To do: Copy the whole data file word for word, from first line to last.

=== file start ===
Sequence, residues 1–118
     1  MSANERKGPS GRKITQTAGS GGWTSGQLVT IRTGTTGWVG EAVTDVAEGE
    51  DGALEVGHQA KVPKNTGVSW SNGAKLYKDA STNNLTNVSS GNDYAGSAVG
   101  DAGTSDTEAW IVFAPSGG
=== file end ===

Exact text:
Sequence, residues 1–118
     1  MSANERKGPS GRKITQTAGS GGWTSGQLVT IRTGTTGWVG EAVTDVAEGE
    51  DGALEVGHQA KVPKNTGVSW SNGAKLYKDA STNNLTNVSS GNDYAGSAVG
   101  DAGTSDTEAW IVFAPSGG